Many government programs and non-profit organizations are focused on addressing these labor shortages through programs that inspire our youth to pursue careers in Science, Technology, Engineering, and Math. In fact, past and current administrations have made this a top priority, securing both public and private funding to improve STEM education and prepare teachers. And SIM, the nation’s largest professional association of senior technology leaders, has a long-standing tradition of supporting these programs through contributions of time and money.

      But, are these programs working? What else can we do to help?

      SIMCAC invites current and eligible prospective members to join us for a conversation with STEM leaders representing the public, private, and non-profit sectors as we take the pulse and discuss the future of our nation’s technology workforce. A cocktail reception with heavy appetizers will follow the program.

      Event underwritten by Randstad. Thank you Enterprise Knowledge for hosting us. 

Register Now!

Our Moderator:

Joe Malfesi

Joe Malfesi - Joe is now semi-retired in a part-time role as Vice President, Operations at Transaction Network Services, Inc. (TNS), a global provider of data communications and interoperability solutions. While he now focuses on managing M&A transitions, in his previous role as Vice President, Global Infrastructure Services, Mr. Malfesi utilized his extensive experience in both information technology and business line management to ensure non-stop availability of the infrastructure for TNS which has a presence in over 60 countries. Prior to joining TNS, Mr. Malfesi was the Chief Technology Operations Officer at Amtrak where he was named by the Maryland/D.C. Technology Council as the 2011 IT Executive of the Year-Government for his management of a major infrastructure improvement program relocating data centers and changing network providers while supporting the concurrent rollout of “Big Bang” SAP and the introduction of eTicketing.

       In 1989 Mr. Malfesi joined Hughes Network Systems (HNS) as the senior information technology officer where he blueprinted the system architecture that supported a 600% revenue growth. His last role at HNS was as Chief Technology Officer, focusing on evaluating emerging technologies, developing roadmaps, reducing infrastructure costs and leading the development for business continuity and information security strategies. Mr. Malfesi has also held senior IT management positions at a computer manufacturer, a health care services company, and a major appliance distributor.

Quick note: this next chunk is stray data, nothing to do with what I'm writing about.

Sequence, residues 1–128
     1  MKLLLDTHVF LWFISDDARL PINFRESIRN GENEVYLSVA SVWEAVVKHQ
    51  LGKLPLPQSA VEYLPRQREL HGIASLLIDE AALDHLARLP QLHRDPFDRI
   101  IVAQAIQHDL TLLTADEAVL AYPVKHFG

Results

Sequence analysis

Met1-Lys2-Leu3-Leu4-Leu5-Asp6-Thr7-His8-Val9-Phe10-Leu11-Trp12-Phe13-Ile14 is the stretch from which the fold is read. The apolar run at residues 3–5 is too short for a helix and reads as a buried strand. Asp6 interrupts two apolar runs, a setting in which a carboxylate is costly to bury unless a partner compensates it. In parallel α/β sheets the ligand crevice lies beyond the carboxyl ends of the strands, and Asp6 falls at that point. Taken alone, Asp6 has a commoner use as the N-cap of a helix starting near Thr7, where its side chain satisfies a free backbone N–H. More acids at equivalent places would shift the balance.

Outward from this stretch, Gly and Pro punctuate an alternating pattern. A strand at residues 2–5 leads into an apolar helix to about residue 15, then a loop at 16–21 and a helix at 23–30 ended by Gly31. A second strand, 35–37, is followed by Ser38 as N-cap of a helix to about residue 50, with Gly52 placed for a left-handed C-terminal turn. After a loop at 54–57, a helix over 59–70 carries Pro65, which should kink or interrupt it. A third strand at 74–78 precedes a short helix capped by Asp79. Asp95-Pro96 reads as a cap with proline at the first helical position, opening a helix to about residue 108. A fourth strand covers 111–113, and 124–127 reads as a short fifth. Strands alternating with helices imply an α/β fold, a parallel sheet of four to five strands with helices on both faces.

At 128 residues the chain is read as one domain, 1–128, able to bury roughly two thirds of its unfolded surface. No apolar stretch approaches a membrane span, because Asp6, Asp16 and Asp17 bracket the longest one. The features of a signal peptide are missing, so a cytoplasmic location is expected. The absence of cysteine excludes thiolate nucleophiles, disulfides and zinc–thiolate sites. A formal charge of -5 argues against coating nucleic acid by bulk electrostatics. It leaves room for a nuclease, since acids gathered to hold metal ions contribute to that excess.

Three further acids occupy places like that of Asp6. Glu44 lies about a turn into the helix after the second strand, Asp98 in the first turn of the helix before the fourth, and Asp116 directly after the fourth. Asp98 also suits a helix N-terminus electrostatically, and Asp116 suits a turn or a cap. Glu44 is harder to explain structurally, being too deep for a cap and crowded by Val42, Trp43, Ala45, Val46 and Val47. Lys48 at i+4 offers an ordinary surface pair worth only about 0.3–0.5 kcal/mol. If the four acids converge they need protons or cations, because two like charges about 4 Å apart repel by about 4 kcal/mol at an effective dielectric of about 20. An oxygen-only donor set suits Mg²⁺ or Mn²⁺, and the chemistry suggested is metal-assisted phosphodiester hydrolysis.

Mr. Malfesi graduated from Fordham University with a B.S. in Marketing Management. He also holds an M.B.A. from New York University with concentrations in Computer Applications and Accounting. He is board Certified in Production and Inventory Management (CPIM) and was named to the International Who’s Who of Information Technology in 1998. Mr. Malfesi has been an active member of the Society for Information Management (SIM) for nearly 30 years and has served as the Chairman of the Capital Area Chapter (SIMCAC) and a member of the Advanced Practices Council. He currently is the STEM Outreach Chairman for SIMCAC. He has been a guest speaker at the Robert H. Smith School of Business CIO Forum, SAP Admin & Infrastructure Conference, HMG Strategy CIO Executive Leadership Forums and a judge at the annual American University Kogod Case Competition since 2005.

Our Panel:

Ruthe Farmer

      Ruthe Farmer has focused on inclusion in technology since 2001 and is Chief Evangelist at CSforAll. She served as Senior Policy Advisor for Tech Inclusion at the White House Office of Science & Technology Policy focusing on President Obama’s call to action for Computer Science for All, and previously strategy and K-12 programs at the National Center for Women & Information Technology (NCWIT). She has launched multiple national inclusion programs including Aspirations in Computing, TECHNOLOchicas, the AspireIT outreach program, Lego Robotics for Girl Scouts and more. She served as 2012 Chair of CSEDWeek, was named a White House Champion of Change for Technology Inclusion in 2013, received the Anita Borg Institute Award for Social Impact in 2014, and the UK Alumni Award for Social Impact in 2015. Ruthe holds a BA from Lewis & Clark College and an MBA in Social Entrepreneurship from the University of Oxford.

Register Now
Register Now to Reserve Your Spot 
The Inaugural SIMCAC Charity Golf Outing Will Take Place on September 27th, 2019!



We welcome IT leaders to join us for a day of networking, golfing and giving back to the community. As IT leaders, it is our duty to give back to STEM and encourage others to join alongside us. We look forward to sharing this exciting golf outing with you. Learn more about the golf outing here.
Register Now

One of the slides from last week's chapter event presented by Kristen Lameraeux
This newsletter brought to you by eGroup and Zerto



eGroup: Helping organizations of all sizes and all industries keep their data and systems safe, secure, and resilient. 



Zerto: The only all-in-one IT Resilience Platform, converging Backup, Disaster Recovery & Cloud Mobility in one simple, scalable solution
Attention SIMCAC members! Since our members are the lifeblood of this great chapter, the success of this newsletter depends on our ability to share the happenings within it! So we're going to ask for your help in making this newsletter the best it can be. If you or fellow SIMCAC members have announcements, articles, pictures, videos, or any other content you'd like to share (and please do!), email to jamesparks@simcac.org 

Permalink